@ManuLakaster But why would you want to do that? –  thefourtheye Oct 31 '13 at 3:42
You just divide the list into two once at the beginning, but inside you don't do further division. This is not divide-and-conquer approach. You should instead call findLarge on two halves of the array, for each call to findLarge, unless there are only a certain number of elements, say 2. –  justhalf Oct 31 '13 at 3:56

I'm amazed that most answers (except by Christian) didn't try to answer OP's real question of finding the solution using divide-and-conquer approach.

This question is almost identical to this question: Finding the second smallest number from the given list using divide-and-conquer, but it tries to find the least instead of the largest.

For which this is my answer:

def two_min(arr):
    n = len(arr)
    if n==2:
        if arr[0]<arr[1]:                   # Line 1
            return (arr[0], arr[1])
            return (arr[1], arr[0])
    (least_left, sec_least_left) = two_min(arr[0:n/2]) # Take the two minimum from the first half
    (least_right, sec_least_right) = two_min(arr[n/2:]) # Take the two minimum from the second half
    if least_left < least_right:            # Line 2
        least = least_left
        if least_right < sec_least_left:    # Line 3
            return (least, least_right)
            return (least, sec_least_left)
        least = least_right
        if least_left < sec_least_right:    # Line 4
            return (least, least_left)
            return (least, sec_least_right)

You can try to understand the code and change it to take the two largest. Basically you divide the array into two parts, then return the two largest numbers from the two parts. Then you compare the four numbers from the two parts, take the largest two, return.

This code has a bonus also for limiting the number of comparisons to 3n/2 - 2.

share|improve this answer
3n/2-2 means that we can have odd amount of numbers in a list right? :) @justhalf –  Manu Lakaster Oct 31 '13 at 4:12
It's integer division, so for n=7 for example, the number of comparisons would be 3*7/2-2 = 8. –  justhalf Oct 31 '13 at 4:42
So does this answer your question? –  justhalf Oct 31 '13 at 4:43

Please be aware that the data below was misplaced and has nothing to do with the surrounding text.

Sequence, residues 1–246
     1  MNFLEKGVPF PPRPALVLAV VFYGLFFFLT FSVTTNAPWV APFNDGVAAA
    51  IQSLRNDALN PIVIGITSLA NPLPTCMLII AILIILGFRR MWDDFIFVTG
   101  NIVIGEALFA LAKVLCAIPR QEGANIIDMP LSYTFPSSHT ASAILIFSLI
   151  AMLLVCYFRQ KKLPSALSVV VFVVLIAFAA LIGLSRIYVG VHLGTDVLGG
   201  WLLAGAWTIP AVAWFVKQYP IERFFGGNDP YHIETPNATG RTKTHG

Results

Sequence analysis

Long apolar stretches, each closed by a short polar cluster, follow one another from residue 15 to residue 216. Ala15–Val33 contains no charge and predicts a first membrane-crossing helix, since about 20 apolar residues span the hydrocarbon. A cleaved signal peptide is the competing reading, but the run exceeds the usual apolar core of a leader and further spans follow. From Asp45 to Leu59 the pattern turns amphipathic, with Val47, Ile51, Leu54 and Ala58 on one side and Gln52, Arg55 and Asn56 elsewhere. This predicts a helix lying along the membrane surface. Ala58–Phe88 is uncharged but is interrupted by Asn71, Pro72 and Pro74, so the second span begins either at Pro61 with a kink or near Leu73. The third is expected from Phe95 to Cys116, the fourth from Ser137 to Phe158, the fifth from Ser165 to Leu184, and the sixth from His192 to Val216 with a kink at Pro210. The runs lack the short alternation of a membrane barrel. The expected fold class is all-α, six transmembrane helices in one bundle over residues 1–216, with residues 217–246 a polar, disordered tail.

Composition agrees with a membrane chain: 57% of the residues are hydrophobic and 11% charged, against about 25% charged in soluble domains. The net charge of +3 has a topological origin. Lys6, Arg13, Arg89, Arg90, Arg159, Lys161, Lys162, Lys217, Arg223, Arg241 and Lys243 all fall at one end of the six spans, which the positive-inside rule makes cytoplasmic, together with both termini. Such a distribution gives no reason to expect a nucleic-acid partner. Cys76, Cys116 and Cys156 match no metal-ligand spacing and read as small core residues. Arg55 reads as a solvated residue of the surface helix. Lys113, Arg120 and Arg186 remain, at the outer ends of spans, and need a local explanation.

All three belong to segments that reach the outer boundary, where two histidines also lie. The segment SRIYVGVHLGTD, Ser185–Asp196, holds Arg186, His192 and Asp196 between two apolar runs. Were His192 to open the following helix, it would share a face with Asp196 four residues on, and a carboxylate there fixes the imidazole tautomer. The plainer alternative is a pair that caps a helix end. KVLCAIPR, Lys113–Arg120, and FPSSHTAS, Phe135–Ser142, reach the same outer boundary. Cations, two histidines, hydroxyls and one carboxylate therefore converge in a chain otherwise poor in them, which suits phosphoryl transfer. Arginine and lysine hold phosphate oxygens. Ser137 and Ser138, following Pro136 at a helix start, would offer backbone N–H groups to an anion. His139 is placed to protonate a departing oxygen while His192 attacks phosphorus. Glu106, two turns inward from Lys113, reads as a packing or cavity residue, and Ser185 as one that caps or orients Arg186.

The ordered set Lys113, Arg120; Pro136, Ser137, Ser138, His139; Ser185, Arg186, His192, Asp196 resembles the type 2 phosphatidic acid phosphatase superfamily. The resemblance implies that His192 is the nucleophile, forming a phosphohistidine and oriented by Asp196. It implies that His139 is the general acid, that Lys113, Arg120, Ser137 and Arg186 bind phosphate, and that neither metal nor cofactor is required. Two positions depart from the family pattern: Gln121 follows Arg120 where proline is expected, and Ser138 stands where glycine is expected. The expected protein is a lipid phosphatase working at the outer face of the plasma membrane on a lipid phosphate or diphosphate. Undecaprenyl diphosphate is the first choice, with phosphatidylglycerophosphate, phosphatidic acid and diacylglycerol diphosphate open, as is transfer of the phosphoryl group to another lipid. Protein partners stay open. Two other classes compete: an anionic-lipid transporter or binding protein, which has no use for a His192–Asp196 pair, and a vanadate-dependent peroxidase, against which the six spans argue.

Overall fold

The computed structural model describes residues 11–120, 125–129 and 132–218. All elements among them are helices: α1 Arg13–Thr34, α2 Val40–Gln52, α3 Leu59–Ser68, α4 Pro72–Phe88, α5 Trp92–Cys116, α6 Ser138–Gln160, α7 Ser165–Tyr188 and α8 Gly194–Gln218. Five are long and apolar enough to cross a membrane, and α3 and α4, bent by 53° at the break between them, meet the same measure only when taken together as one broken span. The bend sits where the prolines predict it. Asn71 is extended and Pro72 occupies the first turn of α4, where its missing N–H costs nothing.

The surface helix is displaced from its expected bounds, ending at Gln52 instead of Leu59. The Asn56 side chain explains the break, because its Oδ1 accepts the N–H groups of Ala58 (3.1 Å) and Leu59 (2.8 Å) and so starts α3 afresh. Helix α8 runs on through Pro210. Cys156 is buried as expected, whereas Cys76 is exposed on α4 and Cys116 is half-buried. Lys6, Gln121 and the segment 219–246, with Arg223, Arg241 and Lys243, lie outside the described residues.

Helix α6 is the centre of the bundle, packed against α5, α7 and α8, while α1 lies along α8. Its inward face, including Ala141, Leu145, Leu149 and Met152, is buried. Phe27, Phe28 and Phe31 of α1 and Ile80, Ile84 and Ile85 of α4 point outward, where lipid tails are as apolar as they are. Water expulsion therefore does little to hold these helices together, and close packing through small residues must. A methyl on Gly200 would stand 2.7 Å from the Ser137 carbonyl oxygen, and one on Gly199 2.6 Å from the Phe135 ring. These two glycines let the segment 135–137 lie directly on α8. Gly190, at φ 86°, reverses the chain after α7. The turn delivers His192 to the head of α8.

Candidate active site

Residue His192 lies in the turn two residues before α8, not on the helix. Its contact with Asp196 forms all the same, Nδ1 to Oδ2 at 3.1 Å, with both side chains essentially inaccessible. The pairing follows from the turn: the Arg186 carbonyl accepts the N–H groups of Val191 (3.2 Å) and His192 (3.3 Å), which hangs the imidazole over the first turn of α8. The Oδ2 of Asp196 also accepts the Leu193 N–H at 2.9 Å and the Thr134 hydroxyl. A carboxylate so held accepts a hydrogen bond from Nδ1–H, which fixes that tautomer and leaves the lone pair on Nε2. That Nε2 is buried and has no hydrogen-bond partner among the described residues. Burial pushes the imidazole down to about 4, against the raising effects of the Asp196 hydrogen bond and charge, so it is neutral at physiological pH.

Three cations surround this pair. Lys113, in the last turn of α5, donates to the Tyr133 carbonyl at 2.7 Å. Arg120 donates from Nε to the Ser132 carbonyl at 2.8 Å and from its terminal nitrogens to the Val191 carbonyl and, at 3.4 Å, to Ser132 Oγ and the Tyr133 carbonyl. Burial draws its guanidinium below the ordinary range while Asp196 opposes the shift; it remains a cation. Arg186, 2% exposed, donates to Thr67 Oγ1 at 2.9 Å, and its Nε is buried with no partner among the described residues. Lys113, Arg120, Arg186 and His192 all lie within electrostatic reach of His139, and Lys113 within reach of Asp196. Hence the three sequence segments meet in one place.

yeah thank u:) helped me a lot. Just to make sure: what will happen with d and c algo if we have 2^k+1??? Just interesting) –  Manu Lakaster Oct 31 '13 at 4:49
@justhalf............. –  Manu Lakaster Oct 31 '13 at 5:14
biggest = None
second_biggest = None

biggest = num_list[0]
if num_list[1] > biggest:
   second_biggest = num_list[1]
   second_biggest = biggest
   biggest = num_list [1]

for n in num_list [2:]:
    if n >= biggest:
        biggest, second_biggest = n, biggest
    elif n >= second_biggest:
        second_biggest = n

print second_biggest
share|improve this answer
Can yo explain please what are you doing here? –  Manu Lakaster Oct 31 '13 at 3:29
@ManuLakaster Read the code carefully, what lines are confusing you? –  tcaswell Oct 31 '13 at 16:46

Try this:

alist=[10, 0,3,10,90,5,-2,4,18,45,707, 100,1,-266,706, 1]
largest = alist[0]
second_largest = alist[0]
for i in range(len(alist)):
    if alist[i] > second_largest:
        second_largest = alist[i]
    if alist[i] > largest:
        tmp = second_largest
        second_largest = largest
        largest = tmp      

print(largest, second_largest)
share|improve this answer
cool. But can you divide list into two parts, find max element of those two parts, and then compare two numbers? –  Manu Lakaster Oct 31 '13 at 2:52
An issue with that approach would appear when the 2 largest numbers are in the 'part'. Maybe you can get an idea from this sort algorith called Merge Sort. It works dividing the list into two parts, but it's to sort a list. en.wikipedia.org/wiki/Merge_sort (See Animation) –  Christian Oct 31 '13 at 2:55

Without giving away code, I will give you my approach to solving this problem.

1.) Take your list, and sort it from least to greatest. There is a python function to handle this

2.) Split your list into two sections

3.) Compare the two sections, take the half with the largest numbers, repeat #2

4.) When either half contains only two numbers, take the first number from that list

The challenge is you will have to decide what to do if the list cannot be evenly split. Obviously, in the real world, you would sort the list and return the second from last value, but if you must do it by performing a binary split, this is how I would do it :)

share|improve this answer
I like the answer because it provides hint instead of giving blocks of code. –  aIKid Oct 31 '13 at 2:43
If you already sort the list, you can just take the second last element. =D –  justhalf Oct 31 '13 at 2:49
The OP said he cannot use a different approach. I even mentioned that in my question if you read it all the way @justhalf –  samrap Oct 31 '13 at 3:35
@samrap: The requirement is to use "divide-and-conquer", not to use sort. Of course, you can sort using divide-and-conquer approach, like Merge Sort, but it's unnecessary here. –  justhalf Oct 31 '13 at 3:43
@justhalf I think nobody understands my question. I think i needed to explain more.....Got confused in different approaches here ;( –  Manu Lakaster Oct 31 '13 at 3:49

O(n^2) algorithm:

In [79]: alist=[-45,0,3,10,90,5,-2,4,18,45,100,1,-266,706]

In [80]: max(n for n in alist if n!=max(alist))
Out[80]: 100

O(n) algorithm:

In [81]: alist=[-45,0,3,10,90,5,-2,4,18,45,100,1,-266,706]

In [82]: M = max(alist)

In [83]: max(n for n in alist if n!=M)
Out[83]: 100
share|improve this answer

Your Answer


By posting your answer, you agree to the privacy policy and terms of service.

Not the answer you're looking for? Browse other questions tagged or ask your own question.